i am going to include some information from " The Thyroid Cancer Book, 2nd edition" by Sara Rosenthal. this is so maybe some of you out there can avoid this situation that i have had to deal with. ask your doctor about the thyroglobulin antibody test- and make sure they do one when they test for thyroglobulin and that they TELL you if you have the antibodies present or not.

from the thyroid cancer book: " around one quarter or more of thyroid cancer patients ( particularly women) have immune systems that produce antibodies against their own thyroglobulin. the reasons for this are not understood and they do not directly influence your health; however, they can make thyroglobulin testing difficult or even impossible. this is because these antibodies interfere with the blood test for thyroglobulin performed in the lab and prevent the thyroglobulin level in your blood from being accurately measured. If the thyroglobulin antibody level is undetectable, then the measured thyroglobulin level may be considered reliable. if the thyroglobulin antibody level is above the normal values for the lab, then you can not rely upon the thyroglobulin level to see if you have persistent thyroid cancer. "

i mentioned this once in one of my earlier blogs, but i wanted to bring it up again. i did not know that i had thyroglobulin antibodies present and i would hate for anyone else to suffer because they did not have this information. my new doctor- the papillary thyroid cancer specialist( i see her next week) actually called me back today,too. her nurse did not leave a message, but i am going to try to reach her tomorrow. i am curious about what she has to say about my test. and i am sure that she will be repeating it when i go to my appointment. i am not ready to celebrate, but i sure do feel better about things now! i was planning on going to Zumba tomorrow anyway, but tomorrow i can shake those coins on my belly scarf with a lot more joy!!

Monday, April 11, 2011

"Hello,hello baby you called? I can't hear a thing. I have got no service in the club,you see, you see. Wha-wha,what did you say,huh? You're breaking up on me. Sorry, i cannot hear you, I'm kinda busy, kinda busy.......Call all you want, but there's no one home, and you're not going to reach my telephone. We're sorry, but the number you have reached is not in service at this time. please check the number, and try your call again later. " Telephone, by Lady GaGa

o.k. i had blood work done on march 31st. i went in for an ultrasound( it was good they said) and a doctor's visit. while i was there, the doctor sent me down to the lab for some blood work. as i said in my face book page, if they need both hands to carry all of the tubes they need to collect, well- you are in trouble. the med tech was good at her job though, and my one good vein hung in there until it was all collected.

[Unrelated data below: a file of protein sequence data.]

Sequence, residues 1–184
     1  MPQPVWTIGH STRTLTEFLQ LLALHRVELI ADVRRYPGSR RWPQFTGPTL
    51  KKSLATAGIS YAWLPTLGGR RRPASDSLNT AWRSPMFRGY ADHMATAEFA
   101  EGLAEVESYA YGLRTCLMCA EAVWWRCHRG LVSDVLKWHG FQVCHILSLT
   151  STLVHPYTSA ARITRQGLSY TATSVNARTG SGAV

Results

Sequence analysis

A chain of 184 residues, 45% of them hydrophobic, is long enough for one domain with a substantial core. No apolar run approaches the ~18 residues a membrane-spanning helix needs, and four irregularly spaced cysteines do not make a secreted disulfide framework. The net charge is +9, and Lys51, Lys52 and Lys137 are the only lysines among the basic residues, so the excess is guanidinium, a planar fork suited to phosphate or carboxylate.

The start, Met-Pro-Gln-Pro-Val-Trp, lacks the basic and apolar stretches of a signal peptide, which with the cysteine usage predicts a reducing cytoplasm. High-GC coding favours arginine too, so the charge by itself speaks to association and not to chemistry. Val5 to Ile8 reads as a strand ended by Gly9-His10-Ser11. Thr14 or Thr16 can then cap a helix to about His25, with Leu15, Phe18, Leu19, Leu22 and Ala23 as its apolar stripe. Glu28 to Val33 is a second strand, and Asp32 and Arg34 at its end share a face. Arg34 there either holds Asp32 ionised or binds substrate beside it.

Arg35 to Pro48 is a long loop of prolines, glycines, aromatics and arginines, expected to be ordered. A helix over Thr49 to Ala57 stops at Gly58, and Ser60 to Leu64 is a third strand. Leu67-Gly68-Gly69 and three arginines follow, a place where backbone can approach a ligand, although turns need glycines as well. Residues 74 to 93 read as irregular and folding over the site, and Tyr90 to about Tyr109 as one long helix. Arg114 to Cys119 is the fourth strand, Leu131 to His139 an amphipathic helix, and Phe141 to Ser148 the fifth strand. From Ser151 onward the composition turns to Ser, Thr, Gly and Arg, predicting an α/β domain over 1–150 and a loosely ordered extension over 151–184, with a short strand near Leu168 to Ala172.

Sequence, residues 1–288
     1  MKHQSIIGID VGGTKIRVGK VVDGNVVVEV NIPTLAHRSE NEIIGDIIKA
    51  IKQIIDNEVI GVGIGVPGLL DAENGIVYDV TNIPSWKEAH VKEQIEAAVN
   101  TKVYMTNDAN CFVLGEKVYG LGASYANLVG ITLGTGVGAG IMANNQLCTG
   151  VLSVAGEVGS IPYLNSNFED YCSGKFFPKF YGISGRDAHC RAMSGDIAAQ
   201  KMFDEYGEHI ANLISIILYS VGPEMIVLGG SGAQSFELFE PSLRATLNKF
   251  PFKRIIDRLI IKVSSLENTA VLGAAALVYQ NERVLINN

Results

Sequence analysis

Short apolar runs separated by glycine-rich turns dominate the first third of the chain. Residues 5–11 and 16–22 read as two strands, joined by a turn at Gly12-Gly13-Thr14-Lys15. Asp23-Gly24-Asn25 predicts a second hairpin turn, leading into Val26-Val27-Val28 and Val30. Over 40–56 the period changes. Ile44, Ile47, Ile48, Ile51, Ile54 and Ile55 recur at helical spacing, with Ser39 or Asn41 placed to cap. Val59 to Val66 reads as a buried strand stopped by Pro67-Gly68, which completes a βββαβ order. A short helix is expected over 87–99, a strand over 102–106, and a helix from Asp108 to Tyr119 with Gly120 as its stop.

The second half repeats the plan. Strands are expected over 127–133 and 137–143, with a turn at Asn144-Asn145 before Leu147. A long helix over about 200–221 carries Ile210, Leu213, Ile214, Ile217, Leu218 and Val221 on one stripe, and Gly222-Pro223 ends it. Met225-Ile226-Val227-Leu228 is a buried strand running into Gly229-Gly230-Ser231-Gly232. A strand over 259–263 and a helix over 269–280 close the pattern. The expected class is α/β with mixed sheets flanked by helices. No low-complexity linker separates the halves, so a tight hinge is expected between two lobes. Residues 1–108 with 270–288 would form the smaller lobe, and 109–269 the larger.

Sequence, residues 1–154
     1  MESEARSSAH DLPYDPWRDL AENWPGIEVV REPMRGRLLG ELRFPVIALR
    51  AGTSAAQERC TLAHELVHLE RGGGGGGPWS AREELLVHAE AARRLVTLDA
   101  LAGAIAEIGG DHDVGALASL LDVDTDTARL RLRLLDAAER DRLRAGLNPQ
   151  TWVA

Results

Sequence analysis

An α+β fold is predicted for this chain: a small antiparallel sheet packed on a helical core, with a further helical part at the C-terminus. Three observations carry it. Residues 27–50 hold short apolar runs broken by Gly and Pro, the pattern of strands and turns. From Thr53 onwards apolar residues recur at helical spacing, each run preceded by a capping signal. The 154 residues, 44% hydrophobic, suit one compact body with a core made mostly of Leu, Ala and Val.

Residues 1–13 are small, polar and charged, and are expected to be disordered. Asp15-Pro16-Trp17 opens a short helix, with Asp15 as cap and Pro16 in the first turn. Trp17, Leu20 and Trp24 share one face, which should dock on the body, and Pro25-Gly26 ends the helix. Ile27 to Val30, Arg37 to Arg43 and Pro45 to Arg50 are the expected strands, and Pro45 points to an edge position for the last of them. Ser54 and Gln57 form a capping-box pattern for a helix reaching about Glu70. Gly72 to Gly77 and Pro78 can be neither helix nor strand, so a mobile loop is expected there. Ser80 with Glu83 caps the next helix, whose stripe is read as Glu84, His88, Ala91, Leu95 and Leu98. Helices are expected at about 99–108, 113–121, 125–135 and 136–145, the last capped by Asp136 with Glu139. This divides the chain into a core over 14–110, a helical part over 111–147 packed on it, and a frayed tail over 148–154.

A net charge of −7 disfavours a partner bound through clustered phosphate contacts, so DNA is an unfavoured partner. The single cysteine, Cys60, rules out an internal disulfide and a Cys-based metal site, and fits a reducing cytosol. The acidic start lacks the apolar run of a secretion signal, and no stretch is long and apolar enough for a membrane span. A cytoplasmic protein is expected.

time passes. no word from my doctor's office. since it has been a little more than 10 days, i decide to call about my results. i am not particularly worried- the doctor would call if something was wrong, right? so i have to leave a message with the receptionist. she said- oh, the doctor will call you back. uh-oh. one rule we all live by is that when they say that the doctor has to call you back, it is not very good news. if the nurse calls, it is usually fine. no calls from the doctor. so i call the office back- she says this time that the nurse will call me back. maybe the receptionist just mis-spoke and  the the news is not that bad? this morning, i called the nurse back, yet again, and she said- oh, my thyroglobulin test came back a 2. a 2????? it is supposed to be zero, or close to it at least. and a 2?  a two what? a 2.0 on the scale for earth quakes? a t-2 tornado? when i quizzed her on this, she said that the doctor would call me back. guess who has not heard from the doctor yet.

i see a papillary thyroid cancer specialist a week from today. she practices at duke hospital in durham. i called her office, even though she has not seen me as yet. she has all of my records-biopsy,pathology reports,etc, and also the last questionable blood work that i had done in march. i asked( more like begged) her receptionist if she could answer a few question. she said, sure, the doctor will call you back. is that like " the check is in the mail"? am i on some big "NO CALL LIST" and just do not know about it yet?

i had to go home early from work today. the discussion i had with the nurse reminded me of the day that i got the bad news about my thyroid cancer. i was at work then, too. maybe i am just worrying about this too much. maybe it is not a big deal. what is another round of I-131 among friends? anyway, i can not help but worry and i can not find any web site that has any sort of reasonable thyroglobulin test result numbers. there is quite a large variation, from what i can tell. and one site suggested a pre-treatment level be drawn for comparison. ( gee,  wish i had known about that earlier)'